Dietary change is seen as a way to reduce animal suffering, especially in factory farms, by reducing one’s consumption of animal products (Wildeford 2013).

Besides its direct impact on food production, going vegetarian or vegan can also encourage others to make similar choices, and ultimately help change social norms (Tomasik 2006). For this reason, many members of the effective altruism community advocate a vegan or vegetarian diet, while some focus on reducing consumption of specific foods associated with most animal deaths or suffering (Galef 2011; Tomasik 2007).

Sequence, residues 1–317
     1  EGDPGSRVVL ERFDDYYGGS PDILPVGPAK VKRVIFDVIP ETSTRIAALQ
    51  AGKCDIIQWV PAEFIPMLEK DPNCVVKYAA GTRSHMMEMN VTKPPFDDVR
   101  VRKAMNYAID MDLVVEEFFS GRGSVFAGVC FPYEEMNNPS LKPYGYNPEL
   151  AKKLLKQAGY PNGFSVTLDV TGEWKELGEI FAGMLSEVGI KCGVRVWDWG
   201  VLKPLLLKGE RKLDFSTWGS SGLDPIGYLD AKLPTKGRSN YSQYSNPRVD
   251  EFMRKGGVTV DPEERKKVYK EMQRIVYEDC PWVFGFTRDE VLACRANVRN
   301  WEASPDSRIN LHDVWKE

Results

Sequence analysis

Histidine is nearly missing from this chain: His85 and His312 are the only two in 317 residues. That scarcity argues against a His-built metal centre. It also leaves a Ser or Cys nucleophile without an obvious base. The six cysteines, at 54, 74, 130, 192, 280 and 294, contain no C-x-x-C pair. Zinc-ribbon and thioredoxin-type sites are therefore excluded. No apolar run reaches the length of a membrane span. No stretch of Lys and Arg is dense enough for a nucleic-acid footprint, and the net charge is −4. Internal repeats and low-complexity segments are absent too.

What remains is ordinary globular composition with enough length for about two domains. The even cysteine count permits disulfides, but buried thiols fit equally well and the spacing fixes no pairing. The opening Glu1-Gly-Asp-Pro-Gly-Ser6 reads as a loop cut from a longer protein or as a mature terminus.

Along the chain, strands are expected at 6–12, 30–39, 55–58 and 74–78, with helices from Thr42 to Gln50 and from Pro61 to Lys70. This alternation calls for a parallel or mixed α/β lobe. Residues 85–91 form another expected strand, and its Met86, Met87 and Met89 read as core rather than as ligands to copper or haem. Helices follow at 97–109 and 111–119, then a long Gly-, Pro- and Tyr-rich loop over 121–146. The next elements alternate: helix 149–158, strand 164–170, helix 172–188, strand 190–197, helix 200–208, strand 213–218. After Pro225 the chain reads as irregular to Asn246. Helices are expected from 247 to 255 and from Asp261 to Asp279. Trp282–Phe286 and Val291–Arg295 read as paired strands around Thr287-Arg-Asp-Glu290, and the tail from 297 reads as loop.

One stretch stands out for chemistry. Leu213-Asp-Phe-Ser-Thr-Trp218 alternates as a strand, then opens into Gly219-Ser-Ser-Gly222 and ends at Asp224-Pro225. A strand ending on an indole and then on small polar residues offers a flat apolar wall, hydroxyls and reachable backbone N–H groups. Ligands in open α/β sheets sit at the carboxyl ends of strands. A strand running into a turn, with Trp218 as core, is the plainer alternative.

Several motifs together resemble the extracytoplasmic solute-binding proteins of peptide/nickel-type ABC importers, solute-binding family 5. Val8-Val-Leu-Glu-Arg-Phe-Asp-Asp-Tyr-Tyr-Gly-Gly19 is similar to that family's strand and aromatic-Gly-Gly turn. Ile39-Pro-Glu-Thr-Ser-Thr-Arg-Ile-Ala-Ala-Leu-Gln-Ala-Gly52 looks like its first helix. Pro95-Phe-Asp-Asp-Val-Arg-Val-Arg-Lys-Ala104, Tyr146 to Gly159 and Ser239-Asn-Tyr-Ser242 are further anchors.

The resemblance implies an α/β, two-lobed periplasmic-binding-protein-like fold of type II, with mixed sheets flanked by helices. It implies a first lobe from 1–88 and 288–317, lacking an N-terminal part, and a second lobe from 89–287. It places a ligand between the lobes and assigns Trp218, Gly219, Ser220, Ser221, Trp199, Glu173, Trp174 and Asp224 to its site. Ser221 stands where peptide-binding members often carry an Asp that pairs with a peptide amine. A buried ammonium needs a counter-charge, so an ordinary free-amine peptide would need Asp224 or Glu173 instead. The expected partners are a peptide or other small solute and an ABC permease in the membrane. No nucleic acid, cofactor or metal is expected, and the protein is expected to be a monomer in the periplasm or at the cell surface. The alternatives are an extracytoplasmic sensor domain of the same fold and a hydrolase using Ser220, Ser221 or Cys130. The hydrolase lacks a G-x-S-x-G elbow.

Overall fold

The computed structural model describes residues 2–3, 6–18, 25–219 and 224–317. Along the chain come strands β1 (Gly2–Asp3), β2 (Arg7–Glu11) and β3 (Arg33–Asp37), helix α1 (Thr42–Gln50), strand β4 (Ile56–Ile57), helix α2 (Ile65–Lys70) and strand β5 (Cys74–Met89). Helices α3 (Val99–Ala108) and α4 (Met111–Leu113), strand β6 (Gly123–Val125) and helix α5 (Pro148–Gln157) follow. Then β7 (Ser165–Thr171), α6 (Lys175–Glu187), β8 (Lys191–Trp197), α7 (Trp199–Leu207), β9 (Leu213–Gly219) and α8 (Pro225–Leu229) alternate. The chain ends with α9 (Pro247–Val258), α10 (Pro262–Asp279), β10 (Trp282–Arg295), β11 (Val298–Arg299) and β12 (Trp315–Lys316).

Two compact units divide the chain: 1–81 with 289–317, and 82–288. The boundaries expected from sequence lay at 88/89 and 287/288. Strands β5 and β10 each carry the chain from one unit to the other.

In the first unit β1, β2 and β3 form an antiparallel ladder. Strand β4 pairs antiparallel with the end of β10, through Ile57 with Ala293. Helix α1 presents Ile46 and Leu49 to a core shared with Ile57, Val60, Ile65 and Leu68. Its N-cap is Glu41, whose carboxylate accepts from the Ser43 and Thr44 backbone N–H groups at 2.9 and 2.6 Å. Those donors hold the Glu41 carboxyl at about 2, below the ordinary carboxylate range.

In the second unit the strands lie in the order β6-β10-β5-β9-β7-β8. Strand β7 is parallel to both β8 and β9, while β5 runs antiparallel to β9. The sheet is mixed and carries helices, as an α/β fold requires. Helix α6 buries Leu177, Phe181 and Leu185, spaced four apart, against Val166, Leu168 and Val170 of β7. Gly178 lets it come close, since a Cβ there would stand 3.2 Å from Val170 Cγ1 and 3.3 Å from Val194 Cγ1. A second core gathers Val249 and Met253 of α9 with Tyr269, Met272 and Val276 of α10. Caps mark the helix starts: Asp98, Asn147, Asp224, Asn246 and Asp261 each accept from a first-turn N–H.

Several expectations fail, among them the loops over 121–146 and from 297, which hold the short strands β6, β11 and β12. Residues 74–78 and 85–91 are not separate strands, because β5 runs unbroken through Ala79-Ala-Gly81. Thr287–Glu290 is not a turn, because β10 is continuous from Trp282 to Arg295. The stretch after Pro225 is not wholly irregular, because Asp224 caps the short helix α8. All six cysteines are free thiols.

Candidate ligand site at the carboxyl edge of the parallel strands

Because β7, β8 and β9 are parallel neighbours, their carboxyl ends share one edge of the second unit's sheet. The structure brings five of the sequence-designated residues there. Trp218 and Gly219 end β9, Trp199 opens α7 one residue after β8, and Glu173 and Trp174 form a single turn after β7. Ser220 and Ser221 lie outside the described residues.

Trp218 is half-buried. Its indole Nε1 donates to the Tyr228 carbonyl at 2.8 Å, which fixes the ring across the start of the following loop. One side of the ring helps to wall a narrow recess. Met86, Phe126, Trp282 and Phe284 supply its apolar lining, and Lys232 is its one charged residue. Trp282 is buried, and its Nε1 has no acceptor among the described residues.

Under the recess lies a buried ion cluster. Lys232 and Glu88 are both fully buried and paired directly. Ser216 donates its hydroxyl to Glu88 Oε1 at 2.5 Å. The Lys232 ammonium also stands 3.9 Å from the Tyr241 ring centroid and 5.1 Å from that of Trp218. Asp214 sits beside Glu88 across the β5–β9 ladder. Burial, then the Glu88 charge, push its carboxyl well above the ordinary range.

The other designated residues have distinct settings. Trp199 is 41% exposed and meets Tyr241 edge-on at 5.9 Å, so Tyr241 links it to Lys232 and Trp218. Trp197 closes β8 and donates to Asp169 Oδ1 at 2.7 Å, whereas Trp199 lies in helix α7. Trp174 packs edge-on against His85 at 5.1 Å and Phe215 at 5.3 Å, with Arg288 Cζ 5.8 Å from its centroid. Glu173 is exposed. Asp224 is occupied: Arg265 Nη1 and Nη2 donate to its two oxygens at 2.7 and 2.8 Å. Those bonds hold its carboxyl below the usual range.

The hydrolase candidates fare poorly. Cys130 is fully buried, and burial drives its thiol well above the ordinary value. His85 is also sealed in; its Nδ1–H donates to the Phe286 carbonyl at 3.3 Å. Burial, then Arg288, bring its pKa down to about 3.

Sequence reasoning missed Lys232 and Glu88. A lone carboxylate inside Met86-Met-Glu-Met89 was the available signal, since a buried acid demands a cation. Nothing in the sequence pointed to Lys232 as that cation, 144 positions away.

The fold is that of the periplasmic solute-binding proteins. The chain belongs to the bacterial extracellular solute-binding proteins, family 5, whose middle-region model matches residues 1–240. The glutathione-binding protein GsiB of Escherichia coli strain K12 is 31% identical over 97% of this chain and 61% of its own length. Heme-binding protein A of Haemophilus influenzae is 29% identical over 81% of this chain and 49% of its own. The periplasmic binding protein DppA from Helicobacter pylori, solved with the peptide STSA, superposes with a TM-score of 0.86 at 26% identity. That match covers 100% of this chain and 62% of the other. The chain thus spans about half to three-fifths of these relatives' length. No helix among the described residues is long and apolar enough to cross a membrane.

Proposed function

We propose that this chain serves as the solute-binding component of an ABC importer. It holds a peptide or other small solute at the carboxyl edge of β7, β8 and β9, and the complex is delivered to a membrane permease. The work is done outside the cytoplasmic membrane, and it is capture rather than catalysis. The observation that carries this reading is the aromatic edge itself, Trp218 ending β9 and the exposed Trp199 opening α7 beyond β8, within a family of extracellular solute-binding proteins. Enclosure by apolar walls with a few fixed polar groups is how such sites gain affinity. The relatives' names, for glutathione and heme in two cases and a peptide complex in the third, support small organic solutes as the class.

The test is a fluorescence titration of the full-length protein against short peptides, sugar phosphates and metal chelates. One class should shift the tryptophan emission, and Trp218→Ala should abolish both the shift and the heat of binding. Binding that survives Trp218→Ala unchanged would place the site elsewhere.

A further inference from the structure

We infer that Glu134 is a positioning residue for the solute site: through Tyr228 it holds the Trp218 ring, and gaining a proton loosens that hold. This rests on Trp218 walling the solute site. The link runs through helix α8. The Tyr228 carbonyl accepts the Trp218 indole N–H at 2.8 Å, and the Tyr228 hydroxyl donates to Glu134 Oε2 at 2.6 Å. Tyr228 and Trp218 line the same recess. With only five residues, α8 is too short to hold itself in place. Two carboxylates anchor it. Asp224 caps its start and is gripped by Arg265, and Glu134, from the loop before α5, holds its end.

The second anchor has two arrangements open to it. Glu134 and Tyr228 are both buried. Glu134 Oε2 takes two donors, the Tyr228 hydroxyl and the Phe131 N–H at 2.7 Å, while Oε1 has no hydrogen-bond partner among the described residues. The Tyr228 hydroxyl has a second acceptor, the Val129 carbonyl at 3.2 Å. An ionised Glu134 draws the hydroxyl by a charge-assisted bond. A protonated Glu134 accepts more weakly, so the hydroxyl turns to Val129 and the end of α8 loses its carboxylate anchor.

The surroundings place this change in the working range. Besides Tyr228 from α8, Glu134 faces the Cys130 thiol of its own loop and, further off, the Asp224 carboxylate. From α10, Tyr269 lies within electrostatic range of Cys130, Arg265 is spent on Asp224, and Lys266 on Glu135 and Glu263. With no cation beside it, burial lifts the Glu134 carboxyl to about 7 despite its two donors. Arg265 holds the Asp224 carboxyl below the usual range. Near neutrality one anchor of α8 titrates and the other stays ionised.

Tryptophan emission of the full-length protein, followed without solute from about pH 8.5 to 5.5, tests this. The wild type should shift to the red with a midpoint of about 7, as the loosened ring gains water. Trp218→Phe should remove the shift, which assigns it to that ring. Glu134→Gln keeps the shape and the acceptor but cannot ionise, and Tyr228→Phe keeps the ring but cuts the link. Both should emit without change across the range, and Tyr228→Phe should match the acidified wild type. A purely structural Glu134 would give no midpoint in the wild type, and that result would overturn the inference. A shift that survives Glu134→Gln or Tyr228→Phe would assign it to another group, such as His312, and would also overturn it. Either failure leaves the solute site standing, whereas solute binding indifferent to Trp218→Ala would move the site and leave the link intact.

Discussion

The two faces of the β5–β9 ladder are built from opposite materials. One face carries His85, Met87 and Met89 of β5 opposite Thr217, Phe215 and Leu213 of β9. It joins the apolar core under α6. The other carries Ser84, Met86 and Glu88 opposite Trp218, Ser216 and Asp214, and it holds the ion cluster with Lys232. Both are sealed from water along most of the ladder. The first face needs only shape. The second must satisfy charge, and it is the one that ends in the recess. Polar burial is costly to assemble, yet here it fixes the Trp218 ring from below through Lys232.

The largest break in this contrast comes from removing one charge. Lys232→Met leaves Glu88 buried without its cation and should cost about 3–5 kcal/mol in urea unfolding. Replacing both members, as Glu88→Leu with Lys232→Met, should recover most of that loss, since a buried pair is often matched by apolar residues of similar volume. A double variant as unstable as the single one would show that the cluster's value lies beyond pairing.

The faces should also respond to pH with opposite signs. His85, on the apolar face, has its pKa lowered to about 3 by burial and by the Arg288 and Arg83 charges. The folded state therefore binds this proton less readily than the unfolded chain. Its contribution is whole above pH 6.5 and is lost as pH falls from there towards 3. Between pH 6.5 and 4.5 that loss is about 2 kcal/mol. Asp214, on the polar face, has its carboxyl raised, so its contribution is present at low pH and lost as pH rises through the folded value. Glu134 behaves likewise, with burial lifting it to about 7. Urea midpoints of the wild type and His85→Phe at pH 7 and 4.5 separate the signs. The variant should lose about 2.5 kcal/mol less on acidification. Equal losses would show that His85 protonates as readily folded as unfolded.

However, other members of the community have argued that reducing or eliminating animal products has monetary, attentional, and productivity costs, and that, after accounting for these costs, dietary change may not be a cost-effective intervention for those concerned about animal welfare (Lewis 2015)....

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